Welcome us to the places of your life – you now live in the US in Carlsbad, how was the culture shock for someone in their mid-teens moving to the other side of the world?

It was pretty wild at first but I had no trouble adjusting! It was kind of like a never ending holiday and I still get that feeling. The only thing that was a little bit difficult was adjusting to the school system but it’s not so bad now. It was always a dream to come and live in Southern California so When it became a reality I almost couldn’t believe it. The weather, skate scene, places and opportunities are amazing. It’s weird now because it feels as if I’ve always lived here and I can’t imagine moving back.

Full pelt Nosferatu claw front tail in the deep.

Who are the crew on your average vert session around Carlsbad?

The thing is, there are about 6 vert ramps in San Diego, all within 25-30 minutes of each other so it’s likely that there may be three or four different sessions going on at the same time on the same day! A session at Tony Hawk’s ramp will differ from a session at Elliot sloan’s place, which will also differ from a session at the Y in Encinitas for example. It’s crazy how spoilt for choice we are. I love that I can skate a different ramp or park for every day of the week. I usually skate with Jimmy Wilkins, PLG, Danny Mayer, Elliot Sloan, Mitchie Brusco, Marcelo Bastos, Alex Perelson, Sam Beckett, along with a crew of the ladies like Mimi Knoop, Lizzie Armanto and Allysha Bergado. You’ll find professional BMX rider and fellow Brit Simon Tabron riding with all of us as well. The list goes on. There’s also a big crew of Brazilian rippers who usually skate at Mancha’s (Evandro Menezes) backyard ramp in Vista. Those sessions are wicked. Not to mention you’ll find guys like Paul Wisniewski, Owen Nieder, Scott Taylor, Tony Magnusson and Bucky Lasek who will often be skating at Bucky’s own gigantic bowl. So much choice!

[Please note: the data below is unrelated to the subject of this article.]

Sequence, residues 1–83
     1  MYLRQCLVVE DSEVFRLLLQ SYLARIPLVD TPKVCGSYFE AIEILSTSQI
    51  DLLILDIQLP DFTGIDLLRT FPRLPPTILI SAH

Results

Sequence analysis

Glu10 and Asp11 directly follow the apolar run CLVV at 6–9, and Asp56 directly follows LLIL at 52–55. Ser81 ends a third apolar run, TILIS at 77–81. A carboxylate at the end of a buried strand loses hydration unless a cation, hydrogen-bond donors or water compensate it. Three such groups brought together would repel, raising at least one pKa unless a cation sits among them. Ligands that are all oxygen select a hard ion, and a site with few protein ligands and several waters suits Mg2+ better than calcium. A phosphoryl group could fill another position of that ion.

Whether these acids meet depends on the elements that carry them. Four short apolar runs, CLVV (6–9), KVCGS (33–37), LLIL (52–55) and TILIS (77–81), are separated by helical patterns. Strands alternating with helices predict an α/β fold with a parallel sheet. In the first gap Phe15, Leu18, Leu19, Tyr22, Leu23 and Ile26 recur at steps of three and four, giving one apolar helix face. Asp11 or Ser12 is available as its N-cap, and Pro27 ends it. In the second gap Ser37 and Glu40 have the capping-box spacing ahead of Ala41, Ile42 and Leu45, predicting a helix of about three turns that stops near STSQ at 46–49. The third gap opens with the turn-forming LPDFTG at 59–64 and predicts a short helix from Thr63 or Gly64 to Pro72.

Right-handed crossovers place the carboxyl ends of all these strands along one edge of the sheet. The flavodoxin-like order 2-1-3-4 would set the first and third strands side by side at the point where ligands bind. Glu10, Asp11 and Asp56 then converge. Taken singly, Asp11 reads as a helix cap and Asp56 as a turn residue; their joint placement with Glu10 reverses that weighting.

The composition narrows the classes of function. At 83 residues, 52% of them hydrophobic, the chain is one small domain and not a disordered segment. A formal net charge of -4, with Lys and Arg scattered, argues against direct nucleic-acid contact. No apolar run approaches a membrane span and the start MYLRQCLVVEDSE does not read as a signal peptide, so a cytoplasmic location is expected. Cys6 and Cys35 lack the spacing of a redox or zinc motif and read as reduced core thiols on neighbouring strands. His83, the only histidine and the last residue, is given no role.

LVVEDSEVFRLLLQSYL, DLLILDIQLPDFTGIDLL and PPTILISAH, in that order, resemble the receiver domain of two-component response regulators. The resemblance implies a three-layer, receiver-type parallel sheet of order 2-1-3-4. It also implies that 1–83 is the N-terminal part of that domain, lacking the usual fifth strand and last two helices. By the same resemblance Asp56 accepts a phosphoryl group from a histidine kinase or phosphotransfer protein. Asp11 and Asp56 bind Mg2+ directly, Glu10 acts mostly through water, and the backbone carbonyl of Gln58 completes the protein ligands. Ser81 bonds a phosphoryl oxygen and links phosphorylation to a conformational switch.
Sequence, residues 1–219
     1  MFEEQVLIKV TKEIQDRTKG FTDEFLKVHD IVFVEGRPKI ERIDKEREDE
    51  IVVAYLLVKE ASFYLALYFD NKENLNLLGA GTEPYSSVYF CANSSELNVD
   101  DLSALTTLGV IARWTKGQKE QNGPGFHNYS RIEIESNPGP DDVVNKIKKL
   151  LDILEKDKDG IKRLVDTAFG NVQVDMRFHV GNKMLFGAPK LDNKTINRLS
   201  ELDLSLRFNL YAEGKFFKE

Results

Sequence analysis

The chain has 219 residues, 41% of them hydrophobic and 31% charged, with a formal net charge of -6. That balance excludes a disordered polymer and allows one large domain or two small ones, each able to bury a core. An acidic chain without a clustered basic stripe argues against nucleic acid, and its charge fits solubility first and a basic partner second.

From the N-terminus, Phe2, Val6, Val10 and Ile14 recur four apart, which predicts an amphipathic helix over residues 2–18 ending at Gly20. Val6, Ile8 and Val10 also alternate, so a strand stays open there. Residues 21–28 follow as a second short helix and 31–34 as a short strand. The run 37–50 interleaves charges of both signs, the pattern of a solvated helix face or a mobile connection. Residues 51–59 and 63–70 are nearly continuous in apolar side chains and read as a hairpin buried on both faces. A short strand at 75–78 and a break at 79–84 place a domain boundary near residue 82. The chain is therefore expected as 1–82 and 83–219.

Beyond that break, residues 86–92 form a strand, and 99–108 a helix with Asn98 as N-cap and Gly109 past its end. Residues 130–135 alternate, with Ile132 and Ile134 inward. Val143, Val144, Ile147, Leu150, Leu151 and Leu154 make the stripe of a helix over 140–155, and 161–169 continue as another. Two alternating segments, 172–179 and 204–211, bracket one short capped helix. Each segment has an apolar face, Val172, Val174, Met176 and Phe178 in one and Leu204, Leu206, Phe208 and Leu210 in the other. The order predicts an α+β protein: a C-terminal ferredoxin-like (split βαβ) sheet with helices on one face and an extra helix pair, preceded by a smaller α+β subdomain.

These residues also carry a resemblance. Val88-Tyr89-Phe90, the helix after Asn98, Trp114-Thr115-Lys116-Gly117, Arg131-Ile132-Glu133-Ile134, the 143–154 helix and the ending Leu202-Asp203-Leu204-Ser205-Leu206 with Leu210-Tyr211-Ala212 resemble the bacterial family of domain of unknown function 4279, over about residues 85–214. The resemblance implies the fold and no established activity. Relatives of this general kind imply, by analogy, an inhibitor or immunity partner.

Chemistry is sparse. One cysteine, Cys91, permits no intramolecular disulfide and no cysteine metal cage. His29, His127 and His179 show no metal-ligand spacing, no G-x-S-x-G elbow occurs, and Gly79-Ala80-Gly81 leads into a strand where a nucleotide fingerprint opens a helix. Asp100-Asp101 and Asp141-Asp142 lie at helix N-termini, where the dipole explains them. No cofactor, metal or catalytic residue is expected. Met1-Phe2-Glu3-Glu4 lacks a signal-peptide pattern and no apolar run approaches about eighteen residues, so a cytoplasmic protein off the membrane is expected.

You also snowboard, did you start doing that whilst still in the UK or did it come about after moving States-side?

I learned to snowboard when I lived in the UK. I’m not that good but it’s a fun hobby. The closest mountains are about 2-3 hours away from my house so there’s no excuse not to get up there for a bit during the winter. SoCal is one of the few places where you can surf, snowboard and skate all in the same day if you want to.

I’d imagine that skating vert at an internationally competitive level means a different approach to injuries than for the average skater in the street, who may be more tempted to say ‘f* it’, ignore it and keep trying to skate. Do you have to take a couple of months to rehabilitate injuries, or do you bounce back fairly quickly?

It usually depends how gnarly the injury is. I definitely don’t want to go into a contest feeling uncertain. If it’s something I can power through then that’s fine but if it’s more serious then I’ll get it looked at properly and make sure to give it as much time as it needs to heal. If that means having to miss a contest or two then I can deal with it. Rehabilitation is definitely important and so is listening to the body. I also do some extra workout stuff as well as skateboarding for injury prevention.

Staying on the subject of vert living, how much of your time is taken up by the contest circuit? Do you have any tips to dealing with the rigours of regular touring/contests?

There aren’t as many vert contests as there were about 5 years ago so probably only a month and a half, if that, is spent traveling to contests during the year. I’ve been fortunate enough to get a few demo gigs the past couple of years however. I did a 3 month demo tour across America with ASA visiting high schools at the end of last year and at the end of 2013. You definitely have to love traveling and you have to deal with the good and the bad.

You were just over at Vert Attack 9 – one of the most grass roots vert events anywhere in the world – you’ve been to it a bunch of times before haven’t you? What is it about Vert Attack that makes it special?